The longitudinal experience takes into account the future as well. Teachers at Vista Unified remain in contact with students throughout their school journey via email or social media, hoping to be a point of contact and advice in the future should a student consider dropping out or when a student needs to make a big decision around school choice, college, or career. This approach creates a continuum of supports that last beyond the four walls of the classroom.
The impact is a personal P-20 student focus and the result is students and families who are supported throughout their learning careers.
- Personal Entry Points: Principals have found an approach to personal learning when curriculum is a standard requirement. Teachers can't always change what students learn, but they can design "personal on-ramps" to content. "Meeting students where they are," and building a bridge to the lesson requires that teachers have the skills to (1) determine where students are, and (2) design an instructional bridge. This shifts the teacher's role from purveyor of content to activator of learning.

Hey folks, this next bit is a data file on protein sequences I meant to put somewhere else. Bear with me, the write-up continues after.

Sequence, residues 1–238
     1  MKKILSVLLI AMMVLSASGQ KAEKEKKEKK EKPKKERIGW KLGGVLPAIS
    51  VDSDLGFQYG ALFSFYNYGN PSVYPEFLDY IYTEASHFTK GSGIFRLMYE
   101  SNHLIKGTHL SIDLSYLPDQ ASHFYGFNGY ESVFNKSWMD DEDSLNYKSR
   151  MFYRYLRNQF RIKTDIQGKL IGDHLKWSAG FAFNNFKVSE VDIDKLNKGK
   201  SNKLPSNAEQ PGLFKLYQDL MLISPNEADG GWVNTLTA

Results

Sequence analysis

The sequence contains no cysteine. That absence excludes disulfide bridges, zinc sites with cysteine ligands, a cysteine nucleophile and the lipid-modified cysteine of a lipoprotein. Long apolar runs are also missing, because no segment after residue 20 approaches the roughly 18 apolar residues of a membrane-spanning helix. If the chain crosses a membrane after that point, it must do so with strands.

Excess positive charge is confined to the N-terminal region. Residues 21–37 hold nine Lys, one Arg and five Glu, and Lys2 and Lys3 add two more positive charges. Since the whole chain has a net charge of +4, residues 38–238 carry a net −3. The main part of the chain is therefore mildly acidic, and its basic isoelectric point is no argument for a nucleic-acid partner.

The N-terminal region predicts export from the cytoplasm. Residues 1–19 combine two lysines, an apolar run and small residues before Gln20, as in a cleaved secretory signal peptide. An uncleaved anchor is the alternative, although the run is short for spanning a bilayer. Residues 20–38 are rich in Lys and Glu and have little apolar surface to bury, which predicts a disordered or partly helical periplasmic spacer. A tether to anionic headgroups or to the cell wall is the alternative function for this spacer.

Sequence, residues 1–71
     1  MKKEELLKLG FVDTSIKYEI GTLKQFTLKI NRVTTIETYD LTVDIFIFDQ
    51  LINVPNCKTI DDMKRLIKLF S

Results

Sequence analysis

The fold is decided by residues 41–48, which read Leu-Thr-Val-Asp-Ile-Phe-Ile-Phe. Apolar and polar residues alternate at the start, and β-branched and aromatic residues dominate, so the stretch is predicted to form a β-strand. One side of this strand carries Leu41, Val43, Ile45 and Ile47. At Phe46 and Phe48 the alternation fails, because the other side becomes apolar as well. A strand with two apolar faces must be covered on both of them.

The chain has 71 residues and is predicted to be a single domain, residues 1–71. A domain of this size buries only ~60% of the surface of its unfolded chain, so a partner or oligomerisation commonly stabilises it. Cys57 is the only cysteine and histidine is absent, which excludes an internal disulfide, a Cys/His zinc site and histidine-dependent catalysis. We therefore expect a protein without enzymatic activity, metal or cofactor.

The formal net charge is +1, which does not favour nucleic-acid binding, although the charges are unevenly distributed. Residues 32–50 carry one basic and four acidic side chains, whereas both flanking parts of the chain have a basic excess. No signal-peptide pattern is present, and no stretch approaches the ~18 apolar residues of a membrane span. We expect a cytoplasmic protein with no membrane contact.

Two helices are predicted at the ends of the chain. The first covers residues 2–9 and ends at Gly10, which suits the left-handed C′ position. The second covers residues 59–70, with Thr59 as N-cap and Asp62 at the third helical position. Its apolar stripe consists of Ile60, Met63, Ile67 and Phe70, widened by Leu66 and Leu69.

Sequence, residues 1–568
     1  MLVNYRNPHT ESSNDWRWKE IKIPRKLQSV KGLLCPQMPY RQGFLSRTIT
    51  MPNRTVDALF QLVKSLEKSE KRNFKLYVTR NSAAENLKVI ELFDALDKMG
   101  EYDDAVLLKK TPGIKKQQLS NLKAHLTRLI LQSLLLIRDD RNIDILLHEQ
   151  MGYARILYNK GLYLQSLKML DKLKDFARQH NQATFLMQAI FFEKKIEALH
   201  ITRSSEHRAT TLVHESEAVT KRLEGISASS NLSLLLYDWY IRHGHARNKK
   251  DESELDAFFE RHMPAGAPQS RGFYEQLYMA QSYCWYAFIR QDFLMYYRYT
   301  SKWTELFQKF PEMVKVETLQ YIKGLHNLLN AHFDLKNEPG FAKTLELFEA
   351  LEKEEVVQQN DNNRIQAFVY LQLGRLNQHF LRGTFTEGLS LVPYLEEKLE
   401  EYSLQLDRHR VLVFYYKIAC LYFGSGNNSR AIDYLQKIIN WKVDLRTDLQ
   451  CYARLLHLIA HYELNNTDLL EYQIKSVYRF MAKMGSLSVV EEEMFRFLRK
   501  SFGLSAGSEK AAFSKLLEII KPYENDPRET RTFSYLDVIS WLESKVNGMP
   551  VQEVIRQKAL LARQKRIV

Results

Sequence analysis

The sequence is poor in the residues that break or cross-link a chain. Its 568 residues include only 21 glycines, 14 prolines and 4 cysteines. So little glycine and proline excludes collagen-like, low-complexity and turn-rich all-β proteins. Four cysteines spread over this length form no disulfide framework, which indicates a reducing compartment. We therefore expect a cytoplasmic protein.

"Meeting students where they are," is typically accomplished through a combination of getting to know students and formative assessment tools. Designing a bridge requires new instructional design skills for some teachers which ranges from identifying different levels of difficulty, to creating examples that may peak student interest, to changing the medium of delivery on the bridge from print to video or a group activity.
The impact is enhanced teacher collaboration and shared creative problem-solving around ways to reach every student. The result is inclusion of every student in lessons that are primary to instructional achievement.